Brooks Announces Agreement To Acquire Precise Automation
Brooks Automation, Inc. has announced that it has entered a definitive agreement to acquire Precise Automation, Inc., a leading developer of collaborative robots and automation sub-systems headquartered in Fremont, CA. The total cash purchase price for the acquisition will be approximately $70 million, subject to working capital and other adjustments. The transaction is expected to close by the end of April upon satisfaction of customary closing conditions.
Precise Automation’s proprietary technology enables human-robot workflows in a safe and easy-to-use manner, automating processes that could not be addressed practically in the past. The company’s collaborative robots, which include SCARA, 6-axis and Cartesian configurations, are delivered fully assembled and designed for easy system integration by end users and OEM customers. Precise Automation’s products are used in a variety of end markets including laboratory automation and semiconductor and electronics manufacturing. Laboratory automation applications include drug discovery, analytical laboratory, clinical diagnostics, and genomics.
Steve Schwartz, President and CEO of Brooks commented, “Precise provides Brooks with a product offering and technology portfolio that is well positioned to take advantage of the exciting growth opportunities in the collaborative robot market. Their history of innovation in vision technology, precision motion, integrated controllers and direct drive motors and track record of solving customer challenges in laboratory and semiconductor automation makes Precise a great fit with Brooks.”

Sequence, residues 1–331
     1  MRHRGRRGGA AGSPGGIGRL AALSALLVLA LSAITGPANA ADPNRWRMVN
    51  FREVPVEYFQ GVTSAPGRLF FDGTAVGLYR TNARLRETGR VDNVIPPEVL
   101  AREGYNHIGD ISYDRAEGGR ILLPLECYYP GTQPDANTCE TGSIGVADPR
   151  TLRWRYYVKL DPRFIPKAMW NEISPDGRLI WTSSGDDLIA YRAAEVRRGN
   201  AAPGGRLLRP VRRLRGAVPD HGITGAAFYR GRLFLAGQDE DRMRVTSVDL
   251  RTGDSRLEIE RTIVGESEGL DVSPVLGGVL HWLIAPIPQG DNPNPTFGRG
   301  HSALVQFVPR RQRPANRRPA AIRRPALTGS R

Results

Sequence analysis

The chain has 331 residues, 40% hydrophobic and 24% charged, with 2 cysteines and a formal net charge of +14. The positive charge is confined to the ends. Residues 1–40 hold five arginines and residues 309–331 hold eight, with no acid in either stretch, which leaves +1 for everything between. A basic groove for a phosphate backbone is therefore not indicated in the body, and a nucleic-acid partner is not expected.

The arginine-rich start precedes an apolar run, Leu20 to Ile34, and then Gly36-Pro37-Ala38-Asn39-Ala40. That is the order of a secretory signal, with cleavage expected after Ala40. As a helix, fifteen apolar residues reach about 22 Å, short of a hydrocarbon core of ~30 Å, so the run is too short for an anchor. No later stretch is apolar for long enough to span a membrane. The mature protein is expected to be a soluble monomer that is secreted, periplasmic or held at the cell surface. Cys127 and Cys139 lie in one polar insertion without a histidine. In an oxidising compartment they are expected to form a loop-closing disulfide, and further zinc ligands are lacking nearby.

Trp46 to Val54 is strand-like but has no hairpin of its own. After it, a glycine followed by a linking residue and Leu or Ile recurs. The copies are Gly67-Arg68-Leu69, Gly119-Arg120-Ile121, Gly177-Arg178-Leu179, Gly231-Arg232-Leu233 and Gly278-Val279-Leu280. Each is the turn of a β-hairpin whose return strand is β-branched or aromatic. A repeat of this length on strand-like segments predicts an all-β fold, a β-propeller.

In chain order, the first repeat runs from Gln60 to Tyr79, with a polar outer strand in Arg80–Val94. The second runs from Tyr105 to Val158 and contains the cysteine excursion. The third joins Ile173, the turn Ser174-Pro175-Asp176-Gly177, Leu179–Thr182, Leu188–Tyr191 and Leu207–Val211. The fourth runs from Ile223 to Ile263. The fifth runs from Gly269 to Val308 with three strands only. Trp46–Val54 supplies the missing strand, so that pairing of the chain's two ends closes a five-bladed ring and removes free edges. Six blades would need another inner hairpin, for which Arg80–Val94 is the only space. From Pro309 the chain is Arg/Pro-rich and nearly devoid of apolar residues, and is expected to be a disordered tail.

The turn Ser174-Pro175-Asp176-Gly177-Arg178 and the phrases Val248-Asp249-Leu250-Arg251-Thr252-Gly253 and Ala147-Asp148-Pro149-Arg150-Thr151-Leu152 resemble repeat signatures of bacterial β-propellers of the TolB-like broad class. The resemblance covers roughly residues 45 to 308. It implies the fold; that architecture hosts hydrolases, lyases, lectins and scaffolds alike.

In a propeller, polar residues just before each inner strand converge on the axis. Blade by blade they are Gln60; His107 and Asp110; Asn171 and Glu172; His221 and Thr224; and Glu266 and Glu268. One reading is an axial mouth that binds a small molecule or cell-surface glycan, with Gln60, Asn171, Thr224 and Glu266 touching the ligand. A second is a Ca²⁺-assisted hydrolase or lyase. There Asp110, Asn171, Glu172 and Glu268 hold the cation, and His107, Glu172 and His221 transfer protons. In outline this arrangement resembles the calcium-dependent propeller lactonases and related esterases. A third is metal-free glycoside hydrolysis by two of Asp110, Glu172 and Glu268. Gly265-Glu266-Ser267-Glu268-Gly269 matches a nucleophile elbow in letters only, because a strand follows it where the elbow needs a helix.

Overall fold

Co-founders Brian Carlisle and Dr. Bruce Shimano, two industry visionaries with over 35 years each of robotics experience, will join Brooks and continue to lead Precise Automation reporting to Dave Jarzynka, President of the Brooks Semiconductor Solutions Group. Precise Automation generated $17 million in revenue over the last twelve months.
Precise Automation has developed Visual Servoing technology. By visually closing the robot’s position loop using a process known as visual servoing, a robot can achieve placement accuracies based on its encoder resolution rather than its absolute accuracy. By looking at both the object and target simultaneously, PreciseVision can determine their relative distance and direction and move the part accordingly. Instead of sending the robot a single motion command in world coordinates as in a traditional vision guidance application, the system sends a series of incremental distance and direction motion commands to a Guidance Controller embedded in the robot. As the robot executes the motion, more pictures are taken, analyzed and new motion commands are issued. This process continues until PreciseVision confirms that the task is accomplished. Since the system is constantly correcting for inaccuracies from multiple sources, the system can achieve placement accuracies at the level of its encoder resolution. The tight integration of PreciseVision and Guidance controllers result in a system that can capture, analyze and put corrections into effect dozens of times per second making visual servoing practical for the first time.
For more information: www.preciseautomation.com